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June 7, 2005
When the Alternative is Nothing
Placebo-controlled trials are usually considered the standard (and most stringent) measure of a drug's efficacy. It's a surprisingly high hurdle to clear. All sorts of things that people swear by, and all sorts of new things that you'd be sure would work fail when they're up against a similarly sized and colored dose of sugar.
But you can't always run a placebo group, because it isn't always ethical to do so. For a life-threatening condition, the comparison group has to be the current best standard of care (which, after all, is what you're trying to beat.) For lesser diseases, a trial against a known therapy can also be appropriate, although it's usually done after a placebo-controlled one has already been run.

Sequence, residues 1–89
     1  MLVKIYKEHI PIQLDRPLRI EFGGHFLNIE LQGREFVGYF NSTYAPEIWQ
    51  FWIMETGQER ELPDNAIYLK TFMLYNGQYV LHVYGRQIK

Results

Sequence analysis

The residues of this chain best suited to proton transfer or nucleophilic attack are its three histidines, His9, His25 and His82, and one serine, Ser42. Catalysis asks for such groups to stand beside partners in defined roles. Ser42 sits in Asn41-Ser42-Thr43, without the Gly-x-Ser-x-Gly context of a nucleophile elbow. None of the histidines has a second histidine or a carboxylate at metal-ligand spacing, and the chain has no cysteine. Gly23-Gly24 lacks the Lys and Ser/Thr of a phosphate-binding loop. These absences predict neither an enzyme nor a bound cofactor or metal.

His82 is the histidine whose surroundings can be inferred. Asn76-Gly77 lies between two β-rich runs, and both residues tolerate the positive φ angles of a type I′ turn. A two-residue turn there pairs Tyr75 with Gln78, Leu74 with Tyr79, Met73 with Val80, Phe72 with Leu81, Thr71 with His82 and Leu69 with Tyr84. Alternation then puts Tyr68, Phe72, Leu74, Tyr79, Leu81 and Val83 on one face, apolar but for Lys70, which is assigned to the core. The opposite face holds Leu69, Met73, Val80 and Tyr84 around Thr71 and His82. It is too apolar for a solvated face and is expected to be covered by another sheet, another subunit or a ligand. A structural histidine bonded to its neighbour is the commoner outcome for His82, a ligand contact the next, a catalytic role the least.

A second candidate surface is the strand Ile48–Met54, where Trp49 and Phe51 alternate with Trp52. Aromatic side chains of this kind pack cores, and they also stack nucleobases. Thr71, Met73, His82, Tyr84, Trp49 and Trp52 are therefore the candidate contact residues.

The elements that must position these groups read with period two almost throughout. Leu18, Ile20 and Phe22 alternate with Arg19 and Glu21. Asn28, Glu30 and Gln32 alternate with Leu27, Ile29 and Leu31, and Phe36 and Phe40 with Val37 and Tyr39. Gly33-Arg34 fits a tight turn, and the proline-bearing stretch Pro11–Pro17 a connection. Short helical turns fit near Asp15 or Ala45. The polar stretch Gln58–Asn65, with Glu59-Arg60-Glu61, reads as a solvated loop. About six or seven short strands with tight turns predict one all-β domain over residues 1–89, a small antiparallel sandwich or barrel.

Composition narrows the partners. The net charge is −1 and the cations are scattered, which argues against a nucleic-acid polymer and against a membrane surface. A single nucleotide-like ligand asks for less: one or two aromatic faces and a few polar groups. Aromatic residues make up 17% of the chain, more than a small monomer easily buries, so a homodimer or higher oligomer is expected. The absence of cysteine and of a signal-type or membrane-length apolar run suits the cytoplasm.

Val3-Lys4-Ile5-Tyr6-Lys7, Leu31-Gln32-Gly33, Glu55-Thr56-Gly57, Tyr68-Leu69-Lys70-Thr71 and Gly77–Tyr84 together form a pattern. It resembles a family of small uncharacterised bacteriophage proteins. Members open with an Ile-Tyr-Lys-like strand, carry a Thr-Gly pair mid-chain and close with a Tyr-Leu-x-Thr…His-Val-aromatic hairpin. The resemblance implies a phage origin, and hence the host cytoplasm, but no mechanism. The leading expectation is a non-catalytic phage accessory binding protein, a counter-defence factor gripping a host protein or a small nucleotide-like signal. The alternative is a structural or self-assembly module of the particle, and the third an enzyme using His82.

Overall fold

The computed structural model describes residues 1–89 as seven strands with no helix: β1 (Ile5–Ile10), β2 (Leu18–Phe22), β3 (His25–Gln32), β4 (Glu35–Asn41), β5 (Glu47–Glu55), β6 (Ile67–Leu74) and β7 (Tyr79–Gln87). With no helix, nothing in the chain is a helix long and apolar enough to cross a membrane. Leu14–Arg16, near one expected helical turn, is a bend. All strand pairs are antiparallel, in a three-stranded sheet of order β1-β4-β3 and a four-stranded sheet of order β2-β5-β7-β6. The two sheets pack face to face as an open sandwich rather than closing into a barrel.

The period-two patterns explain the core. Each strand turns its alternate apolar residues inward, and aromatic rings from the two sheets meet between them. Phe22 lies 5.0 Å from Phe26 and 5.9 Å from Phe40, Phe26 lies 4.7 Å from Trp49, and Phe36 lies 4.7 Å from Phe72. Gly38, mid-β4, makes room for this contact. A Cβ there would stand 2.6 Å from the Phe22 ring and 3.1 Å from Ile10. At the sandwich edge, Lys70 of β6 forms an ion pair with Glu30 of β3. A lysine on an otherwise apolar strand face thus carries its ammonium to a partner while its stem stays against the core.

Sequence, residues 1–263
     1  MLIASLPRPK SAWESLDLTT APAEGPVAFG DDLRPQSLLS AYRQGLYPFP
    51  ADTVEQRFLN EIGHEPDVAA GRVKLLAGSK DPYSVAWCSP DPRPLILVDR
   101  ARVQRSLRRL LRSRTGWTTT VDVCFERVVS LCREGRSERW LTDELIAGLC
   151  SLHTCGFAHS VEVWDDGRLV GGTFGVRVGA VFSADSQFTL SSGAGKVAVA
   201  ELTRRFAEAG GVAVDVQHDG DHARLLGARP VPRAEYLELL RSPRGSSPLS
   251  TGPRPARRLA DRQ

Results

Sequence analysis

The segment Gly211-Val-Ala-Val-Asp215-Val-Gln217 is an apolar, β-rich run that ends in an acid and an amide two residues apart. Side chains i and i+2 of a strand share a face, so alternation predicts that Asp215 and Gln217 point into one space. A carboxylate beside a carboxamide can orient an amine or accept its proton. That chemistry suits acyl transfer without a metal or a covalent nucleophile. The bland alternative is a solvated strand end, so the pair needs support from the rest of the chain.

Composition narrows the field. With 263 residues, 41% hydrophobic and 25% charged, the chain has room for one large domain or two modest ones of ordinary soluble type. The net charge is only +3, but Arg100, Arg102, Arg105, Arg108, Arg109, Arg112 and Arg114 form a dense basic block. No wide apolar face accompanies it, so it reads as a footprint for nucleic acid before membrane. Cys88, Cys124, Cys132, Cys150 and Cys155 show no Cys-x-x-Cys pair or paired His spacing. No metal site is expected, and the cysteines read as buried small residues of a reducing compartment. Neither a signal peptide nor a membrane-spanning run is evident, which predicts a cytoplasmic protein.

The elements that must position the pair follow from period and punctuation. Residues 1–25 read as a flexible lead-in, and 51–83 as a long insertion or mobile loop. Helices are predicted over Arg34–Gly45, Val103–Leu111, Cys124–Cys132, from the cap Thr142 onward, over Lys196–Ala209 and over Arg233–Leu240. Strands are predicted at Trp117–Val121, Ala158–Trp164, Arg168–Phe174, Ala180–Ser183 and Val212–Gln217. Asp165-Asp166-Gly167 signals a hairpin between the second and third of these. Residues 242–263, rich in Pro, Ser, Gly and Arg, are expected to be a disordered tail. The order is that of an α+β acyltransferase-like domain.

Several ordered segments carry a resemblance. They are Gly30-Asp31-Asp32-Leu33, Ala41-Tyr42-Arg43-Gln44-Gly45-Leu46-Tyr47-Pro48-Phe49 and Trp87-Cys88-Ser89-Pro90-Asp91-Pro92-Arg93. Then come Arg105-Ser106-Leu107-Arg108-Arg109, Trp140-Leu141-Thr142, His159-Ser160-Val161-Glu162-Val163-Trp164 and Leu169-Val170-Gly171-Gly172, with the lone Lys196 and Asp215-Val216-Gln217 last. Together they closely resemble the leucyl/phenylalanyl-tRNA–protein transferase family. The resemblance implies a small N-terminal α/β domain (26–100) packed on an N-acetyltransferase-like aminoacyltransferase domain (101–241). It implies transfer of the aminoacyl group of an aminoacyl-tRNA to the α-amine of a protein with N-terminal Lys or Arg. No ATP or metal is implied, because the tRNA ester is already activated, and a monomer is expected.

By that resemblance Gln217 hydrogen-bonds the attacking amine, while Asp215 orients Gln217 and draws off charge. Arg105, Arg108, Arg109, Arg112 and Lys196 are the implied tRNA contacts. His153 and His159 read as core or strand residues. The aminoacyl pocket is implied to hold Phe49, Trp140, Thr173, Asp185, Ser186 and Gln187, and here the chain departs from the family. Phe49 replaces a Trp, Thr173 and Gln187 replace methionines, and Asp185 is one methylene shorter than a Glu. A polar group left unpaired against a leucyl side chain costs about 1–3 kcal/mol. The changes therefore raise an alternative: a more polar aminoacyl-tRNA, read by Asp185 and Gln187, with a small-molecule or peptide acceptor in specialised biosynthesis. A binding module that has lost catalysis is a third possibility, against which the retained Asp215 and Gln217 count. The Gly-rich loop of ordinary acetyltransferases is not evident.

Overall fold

But there's one situation where you can run a placebo control for a deadly condition: when the best standard of care is nothing at all.
Several forms of cancer fall into that category. Pancreatic, renal, and hepatic cancers, for example, exhaust their best available treatments very quickly. Some of the patients in that situation then offer themselves as subjects for clinical research, for which we in the drug industry are extremely grateful. With any luck, we'll be able to find something that works well enough to unblind as quickly as possible.
And when that happens, the disease is no longer in the "placebable" category. There's now an active agent, a possible treatment, and thus a new standard of care. Several cancers have moved off the list in recent years, and here's hoping that the process continues.
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